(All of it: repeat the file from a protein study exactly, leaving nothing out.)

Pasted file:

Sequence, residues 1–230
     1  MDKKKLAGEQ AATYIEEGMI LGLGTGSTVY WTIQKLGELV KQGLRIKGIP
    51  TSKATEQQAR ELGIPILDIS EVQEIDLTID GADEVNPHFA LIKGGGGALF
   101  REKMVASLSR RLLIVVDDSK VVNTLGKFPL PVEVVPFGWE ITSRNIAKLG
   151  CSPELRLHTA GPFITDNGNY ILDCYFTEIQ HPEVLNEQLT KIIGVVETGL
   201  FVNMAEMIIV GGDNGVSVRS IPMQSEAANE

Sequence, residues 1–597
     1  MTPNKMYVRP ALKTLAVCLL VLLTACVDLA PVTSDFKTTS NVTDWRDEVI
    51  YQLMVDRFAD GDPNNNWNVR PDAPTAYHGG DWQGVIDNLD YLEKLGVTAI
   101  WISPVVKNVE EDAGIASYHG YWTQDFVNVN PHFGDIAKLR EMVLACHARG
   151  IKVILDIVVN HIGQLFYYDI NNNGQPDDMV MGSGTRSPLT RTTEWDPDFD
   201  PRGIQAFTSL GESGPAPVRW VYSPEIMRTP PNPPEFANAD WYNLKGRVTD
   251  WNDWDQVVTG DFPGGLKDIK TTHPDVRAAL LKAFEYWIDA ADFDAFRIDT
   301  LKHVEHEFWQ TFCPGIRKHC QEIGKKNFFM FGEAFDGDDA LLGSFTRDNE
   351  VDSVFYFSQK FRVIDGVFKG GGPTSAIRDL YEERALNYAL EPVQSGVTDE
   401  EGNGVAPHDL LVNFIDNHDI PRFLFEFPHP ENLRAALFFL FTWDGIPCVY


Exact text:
Sequence, residues 1–230
     1  MDKKKLAGEQ AATYIEEGMI LGLGTGSTVY WTIQKLGELV KQGLRIKGIP
    51  TSKATEQQAR ELGIPILDIS EVQEIDLTID GADEVNPHFA LIKGGGGALF
   101  REKMVASLSR RLLIVVDDSK VVNTLGKFPL PVEVVPFGWE ITSRNIAKLG
   151  CSPELRLHTA GPFITDNGNY ILDCYFTEIQ HPEVLNEQLT KIIGVVETGL
   201  FVNMAEMIIV GGDNGVSVRS IPMQSEAANE

Sequence, residues 1–597
     1  MTPNKMYVRP ALKTLAVCLL VLLTACVDLA PVTSDFKTTS NVTDWRDEVI
    51  YQLMVDRFAD GDPNNNWNVR PDAPTAYHGG DWQGVIDNLD YLEKLGVTAI
   101  WISPVVKNVE EDAGIASYHG YWTQDFVNVN PHFGDIAKLR EMVLACHARG
   151  IKVILDIVVN HIGQLFYYDI NNNGQPDDMV MGSGTRSPLT RTTEWDPDFD
   201  PRGIQAFTSL GESGPAPVRW VYSPEIMRTP PNPPEFANAD WYNLKGRVTD
   251  WNDWDQVVTG DFPGGLKDIK TTHPDVRAAL LKAFEYWIDA ADFDAFRIDT
   301  LKHVEHEFWQ TFCPGIRKHC QEIGKKNFFM FGEAFDGDDA LLGSFTRDNE
   351  VDSVFYFSQK FRVIDGVFKG GGPTSAIRDL YEERALNYAL EPVQSGVTDE
   401  EGNGVAPHDL LVNFIDNHDI PRFLFEFPHP ENLRAALFFL FTWDGIPCVY